Advice to Barney on Property
Sonya L Henderson
The purpose of this assignment is to analyze various types of property ownership. Property ownership can be characterized as real, personal, joint tenancy, common tenancy, tenancy in entirety, sole ownership, and community. Ownership of property determines the right to control it, how it is used, who can benefit from it, the transfer or sell of it, and the exclusion from it. Property ownership can be shown in the issuance of a legal written instrument such as a title deed or warrant deed. There are a variety of leisure and economic benefits owning property. There are laws and statues established in order to govern the different factors pertaining to property. Discrepancies in property ownership can lead to various legal actions in civil and criminal court cases. The case study will be assessed from a legal and spiritual perspective regarding joint tenancy with right of survivorship, adverse possession, eminent domain, bailments, and good faith purchasers for value.
Barney, a retired deputy and detective in North Carolina was quite a prudent investor in various aspects of property. Different obstacles had aroused dealing with his mountain property, motor vehicle, and beach house. As Barney’s attorney and friend in Christ, advisement on the circumstances will be given. First, Barney is advised not to be anxious or worried about his property dilemmas. “Trust in the Lord with all your heart and lean not on your own understanding; in all your ways submit to him, and he will make your paths straight (Proverbs 3:5-6 NIV). Barney is further advised from a legal standpoint on how these property issues should be addressed. Joint tenancy with right of survivorship
Barney is the only living tenant of the mountain property from a joint tenancy with a right to survivorship that was established with his old friends Andy, Floyd, and Howard. When Andy died he left his share of the interest in the property in a will to his son Opie. Opie used his share of interest in the property as collateral on a loan he defaulted on. Now the lender have sought legal action to foreclose on the property. Barney is advised from a legal perspective he can petition for a partition by sale of the property to the court. According to a Supreme Court case that states: When any persons entitled as tenants in common, or joint tenants, of personal property desire to have a division of property, that person may file a petition for partition in the Superior Court for that purpose; if the petitioners are entitled to relief, the property shall be divided as nearly equal as possible among the tenants in common, or joint tenants (Chadwick v. Blades, 1936, para. 612). As Barney’s attorney, the best course of action is to divide the interest in the property in order to avoid future legal actions with Opie or the lender. Adverse Possession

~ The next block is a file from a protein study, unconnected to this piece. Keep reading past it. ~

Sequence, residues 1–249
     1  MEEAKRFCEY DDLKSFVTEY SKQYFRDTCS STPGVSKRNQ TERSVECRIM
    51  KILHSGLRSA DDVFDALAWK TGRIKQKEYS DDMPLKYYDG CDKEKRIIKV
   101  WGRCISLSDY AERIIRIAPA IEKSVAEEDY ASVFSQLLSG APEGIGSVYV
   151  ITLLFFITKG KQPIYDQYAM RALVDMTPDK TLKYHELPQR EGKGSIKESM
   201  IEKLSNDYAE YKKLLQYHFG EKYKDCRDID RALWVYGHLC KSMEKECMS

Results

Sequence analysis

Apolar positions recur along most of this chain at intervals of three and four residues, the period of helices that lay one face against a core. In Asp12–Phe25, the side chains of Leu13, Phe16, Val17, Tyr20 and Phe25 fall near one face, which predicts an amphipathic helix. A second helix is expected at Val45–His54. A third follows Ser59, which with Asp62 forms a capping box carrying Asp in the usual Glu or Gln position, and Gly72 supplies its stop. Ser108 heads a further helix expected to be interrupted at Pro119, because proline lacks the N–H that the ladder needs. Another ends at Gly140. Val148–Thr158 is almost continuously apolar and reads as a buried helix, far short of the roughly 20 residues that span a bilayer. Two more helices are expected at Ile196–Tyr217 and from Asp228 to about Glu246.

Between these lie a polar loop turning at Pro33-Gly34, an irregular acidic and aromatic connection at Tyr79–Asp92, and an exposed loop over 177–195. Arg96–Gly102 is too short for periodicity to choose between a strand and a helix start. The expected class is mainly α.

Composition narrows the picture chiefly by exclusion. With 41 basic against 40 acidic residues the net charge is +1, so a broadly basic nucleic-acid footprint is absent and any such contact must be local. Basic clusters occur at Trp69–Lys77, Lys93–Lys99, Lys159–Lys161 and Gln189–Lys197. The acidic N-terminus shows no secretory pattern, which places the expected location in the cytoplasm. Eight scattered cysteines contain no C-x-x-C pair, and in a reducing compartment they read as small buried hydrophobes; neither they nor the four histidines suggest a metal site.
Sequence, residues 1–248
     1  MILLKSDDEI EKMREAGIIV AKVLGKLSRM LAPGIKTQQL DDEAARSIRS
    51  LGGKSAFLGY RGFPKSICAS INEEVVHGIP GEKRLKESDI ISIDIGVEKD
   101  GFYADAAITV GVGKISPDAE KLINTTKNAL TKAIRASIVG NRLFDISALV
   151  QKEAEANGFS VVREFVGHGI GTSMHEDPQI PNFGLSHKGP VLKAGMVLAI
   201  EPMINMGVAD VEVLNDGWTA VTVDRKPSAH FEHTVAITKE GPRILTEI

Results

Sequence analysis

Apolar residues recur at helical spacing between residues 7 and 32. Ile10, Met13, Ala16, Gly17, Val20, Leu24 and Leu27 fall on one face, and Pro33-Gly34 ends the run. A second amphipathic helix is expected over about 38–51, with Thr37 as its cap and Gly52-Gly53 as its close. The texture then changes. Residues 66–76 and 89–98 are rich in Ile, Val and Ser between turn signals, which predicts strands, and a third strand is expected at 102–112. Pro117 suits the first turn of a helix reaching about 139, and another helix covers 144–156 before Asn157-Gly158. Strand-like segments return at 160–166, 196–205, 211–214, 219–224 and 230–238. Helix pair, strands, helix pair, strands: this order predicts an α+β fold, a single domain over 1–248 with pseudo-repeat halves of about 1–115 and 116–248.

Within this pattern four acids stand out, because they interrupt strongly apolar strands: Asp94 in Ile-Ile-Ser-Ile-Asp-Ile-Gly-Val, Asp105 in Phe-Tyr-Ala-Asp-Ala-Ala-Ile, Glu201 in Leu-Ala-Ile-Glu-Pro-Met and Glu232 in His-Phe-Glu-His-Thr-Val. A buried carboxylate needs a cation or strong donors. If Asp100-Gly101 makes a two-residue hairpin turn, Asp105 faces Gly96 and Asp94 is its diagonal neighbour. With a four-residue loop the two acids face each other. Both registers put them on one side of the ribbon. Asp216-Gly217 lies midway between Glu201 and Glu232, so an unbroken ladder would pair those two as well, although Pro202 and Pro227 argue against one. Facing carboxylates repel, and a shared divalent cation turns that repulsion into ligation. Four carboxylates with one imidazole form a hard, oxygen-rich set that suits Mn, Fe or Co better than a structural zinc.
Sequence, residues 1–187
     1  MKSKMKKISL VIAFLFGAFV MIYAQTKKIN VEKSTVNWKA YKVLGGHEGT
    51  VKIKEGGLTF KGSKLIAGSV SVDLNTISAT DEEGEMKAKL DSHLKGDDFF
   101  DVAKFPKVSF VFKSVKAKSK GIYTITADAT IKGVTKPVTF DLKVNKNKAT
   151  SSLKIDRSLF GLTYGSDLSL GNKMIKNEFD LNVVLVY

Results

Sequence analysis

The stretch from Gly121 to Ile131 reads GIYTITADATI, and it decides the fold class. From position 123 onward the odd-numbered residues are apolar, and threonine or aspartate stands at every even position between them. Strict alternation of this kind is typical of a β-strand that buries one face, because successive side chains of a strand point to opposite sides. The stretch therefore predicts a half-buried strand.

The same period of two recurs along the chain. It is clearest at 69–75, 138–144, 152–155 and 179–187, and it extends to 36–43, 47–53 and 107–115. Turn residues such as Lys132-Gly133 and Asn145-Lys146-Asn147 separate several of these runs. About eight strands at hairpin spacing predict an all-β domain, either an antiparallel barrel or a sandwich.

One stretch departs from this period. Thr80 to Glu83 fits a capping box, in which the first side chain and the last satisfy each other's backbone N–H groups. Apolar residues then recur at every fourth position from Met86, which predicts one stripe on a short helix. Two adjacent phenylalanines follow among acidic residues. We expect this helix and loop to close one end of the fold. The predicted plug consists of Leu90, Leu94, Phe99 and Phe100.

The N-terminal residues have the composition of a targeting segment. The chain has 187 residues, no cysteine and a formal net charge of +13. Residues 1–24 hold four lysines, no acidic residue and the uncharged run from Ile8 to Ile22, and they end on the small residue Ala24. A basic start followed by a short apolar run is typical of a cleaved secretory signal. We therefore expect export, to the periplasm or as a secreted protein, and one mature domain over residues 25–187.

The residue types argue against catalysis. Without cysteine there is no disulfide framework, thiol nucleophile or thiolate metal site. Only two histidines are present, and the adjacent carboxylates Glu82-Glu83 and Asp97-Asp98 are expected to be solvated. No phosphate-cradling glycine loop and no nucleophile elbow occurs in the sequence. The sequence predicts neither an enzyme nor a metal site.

Unfortunately, another obstacle had aroused regarding the mountain property. Since Barney haven’t been on the property for 20 years, a small town acquaintance named Ernest had established residence of this land. This form of action is called adverse possession. According to North Carolina state law: No action for the recovery or possession of real property, or the issues and profits thereof, shall be maintained when the person in possession thereof, or defendant in the action, or those under whom he claims, has possessed the property under known and visible lines and boundaries adversely to all other persons for 20 years; and such possession so held gives a title in fee to the possessor, in such property, against all persons not under disability (N.C. Gen. Stat, 2013). Ownership in the land has been automatically vested in Ernest due to the time period of residing freely on the property and Barney has lost the property according to this law. Eminent Domain
Life for Barney continues to dwindle downward when he...
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